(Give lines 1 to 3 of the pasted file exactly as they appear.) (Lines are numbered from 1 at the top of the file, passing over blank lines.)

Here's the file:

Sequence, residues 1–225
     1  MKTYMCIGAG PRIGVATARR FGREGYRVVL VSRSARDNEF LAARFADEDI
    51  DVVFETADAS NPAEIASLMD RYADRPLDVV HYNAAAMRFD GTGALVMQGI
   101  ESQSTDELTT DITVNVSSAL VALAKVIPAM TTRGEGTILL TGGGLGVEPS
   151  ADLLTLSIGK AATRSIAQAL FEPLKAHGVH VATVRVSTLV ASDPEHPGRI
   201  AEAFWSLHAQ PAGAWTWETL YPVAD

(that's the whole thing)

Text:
Sequence, residues 1–225
     1  MKTYMCIGAG PRIGVATARR FGREGYRVVL VSRSARDNEF LAARFADEDI
    51  DVVFETADAS NPAEIASLMD RYADRPLDVV HYNAAAMRFD GTGALVMQGI